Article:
February 26, 2015
There was a big snow, then it rained, and the puddles all froze. Then it snowed some more, and there was a big rain, and that froze, too, and apart from turning every sidewalk in Halifax into a jagged deathtrap, it’s left an icy mass on my building’s roof. Last week, my ceiling sprung a leak over the window frame in the bedroom.
I set up some towels over the curtains and texted the superintendent. He said he’d be over the next day, but around 4am, I became aware of a bigger problem — halfway across the room, the ceiling had started dripping onto Jesse’s badger bed.
Jesse was not taking it well.
After pacifying him with my light-blue towel, which he’s always been fond of, I sent a more urgent message to the super. He told me the property manager would come first thing in the morning, which, while a relief, presented another problem.
I don’t have a badger written into the lease. Though cats are permitted, I learned definitively one Hallowe’en years ago that Jesse does not tolerate costumes.
In the morning, when I heard the knock on the door, I hastily put him in the closet.
I’d only done this once before, during a date I’d organized for myself — and when Jesse made a brilliant escape, completely ruining the evening, I learned a valuable, painful lesson: that one should never confine a badger to a closet. But these were desperate times.
“Show me the leak,” said the property manager, skipping the formalities. He clearly still resented me for the time I’d requested an access key to the storage room. I led him into the bedroom after making him take off his boots.
As he inspected the bubbles on my ceiling, I heard Jesse growling at the closet door. I tried to cover like it was my stomach, and lamented the lack of grocery stores nearby. The property manager ignored this, and said he would get some people out to clean off the roof. This, he said, would stop the leaks.
I asked him if it would still leak when it rained, through these new cracks.
“No,” he said forcefully. “No. It won’t.” Although I recognized this as a Power Lie, I didn’t call him out on it. I took the opportunity to again show him my rotted window frame, but he dismissed it as too big of a job before leaving.
When I finally opened the closet door, the remains of my ultra-thermal sleeping bag poured out into the room, followed by my frenzied badger. I’d been sleeping under thin sheets for months when I had a sleeping bag in there the whole time? Terrible. I deserved the injuries I got that morning.
Some men came and smashed up the ice on the roof for most of the day, and though it took a lot of organ meat for Jesse to forgive me for the closet thing, all my other towels were soaked through, so I had to use the light-blue one to clean up a puddle underneath the curtains.
The sidewalks must be especially bad right now, because the emergency room is packed tonight.
January 28, 2015
Although this winter has been, it seems, darker than years previous, it’s comparatively warm, and the precipitation that’s fallen has mostly been rain. This week, however, the snow hit us day after day, and now covers the streets. I can hear the plow out there but it’s basically just pushing stuff around.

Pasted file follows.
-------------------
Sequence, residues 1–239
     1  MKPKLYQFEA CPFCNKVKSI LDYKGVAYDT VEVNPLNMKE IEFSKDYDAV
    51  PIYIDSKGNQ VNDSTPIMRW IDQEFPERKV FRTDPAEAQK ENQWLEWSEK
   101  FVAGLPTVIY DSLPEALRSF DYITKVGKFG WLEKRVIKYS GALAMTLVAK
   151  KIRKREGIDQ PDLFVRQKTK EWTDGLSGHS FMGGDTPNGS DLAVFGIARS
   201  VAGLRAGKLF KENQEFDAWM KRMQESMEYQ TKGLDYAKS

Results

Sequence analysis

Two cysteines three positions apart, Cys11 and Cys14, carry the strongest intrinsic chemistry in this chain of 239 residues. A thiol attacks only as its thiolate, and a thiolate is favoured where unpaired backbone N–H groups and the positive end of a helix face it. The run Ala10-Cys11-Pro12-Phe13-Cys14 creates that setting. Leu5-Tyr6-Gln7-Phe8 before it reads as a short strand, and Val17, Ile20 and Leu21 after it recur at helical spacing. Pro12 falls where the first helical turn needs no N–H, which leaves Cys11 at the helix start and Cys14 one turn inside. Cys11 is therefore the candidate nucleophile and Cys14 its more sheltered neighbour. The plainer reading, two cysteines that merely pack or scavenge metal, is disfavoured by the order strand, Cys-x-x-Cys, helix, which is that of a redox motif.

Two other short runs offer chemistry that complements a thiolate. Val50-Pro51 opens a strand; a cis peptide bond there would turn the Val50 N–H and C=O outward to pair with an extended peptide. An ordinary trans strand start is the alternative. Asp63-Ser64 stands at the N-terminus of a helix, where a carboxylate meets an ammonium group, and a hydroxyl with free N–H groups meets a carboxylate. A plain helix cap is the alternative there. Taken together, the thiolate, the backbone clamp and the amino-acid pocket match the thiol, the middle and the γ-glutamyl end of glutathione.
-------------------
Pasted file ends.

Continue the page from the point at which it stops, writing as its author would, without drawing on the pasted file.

Winters like these, I usually try to stay inside whenever I can, opting to hibernate through the worst of the misery. However, years of living on the street have given Jesse the stamina for running, and without a regular walk, he goes stir-crazy, burrowing into my armchairs for exercise. The orange one is getting very hollow indeed, and may soon join the Habitrail-like system he’s carved through my mattress.
So, after investing in a strong leash (though not one with any negative reinforcement mechanisms) I wrapped a few scarves around my badger and we ventured out. The wind bit into my skin, and even with the added fleecy protection, Jesse shivered against the cold air. Since I gave him that bubble bath, his fur has lacked the hardy bristle that used to keep him insulated in sub-zero temperatures. It was a tough call, but I definitely couldn’t let him keep smelling like the compost bins he had ripped open — he didn’t enjoy the experience, though, and the bathroom kind of looks like the scene of a suicide attempt now.
I trudged through the snow, thinking that maybe I could use this opportunity to pick up some salsa for some trendy potato chips I had purchased earlier. Jesse trotted along in front of me, his sharp little paws barely leaving tracks. Soon, however, he appeared to grow agitated at our speed, pulling at the leash like a disobedient dog. I didn’t dare restrict his movement, and had to start jogging to keep up. His energy did not diminish, and soon I was in a full run, struggling to keep my footing in the snow. My boots are heavy duty, but their weight provides a challenging resistance, and my lung capacity was growing to be more of a concern than even the elusive black ice.
Finally, blocks later, Jesse slowed his pace, and I collapsed into a snow drift, exhausted but strangely energized. Months of coding have done nothing for my fitness, and maybe my badger can sense this, or is just more health-conscious than I originally gave him credit for. He nudged at me until I got up, and I ended up buying some salsa, opting for “Medium” instead of my usual “Mild”.
So I’m guess I glad I left the house today! Jesse’s all salty now, though, and he keeps prowling around the bathtub, sniffing meaningfully at the apricot shampoo.
This is going to sting.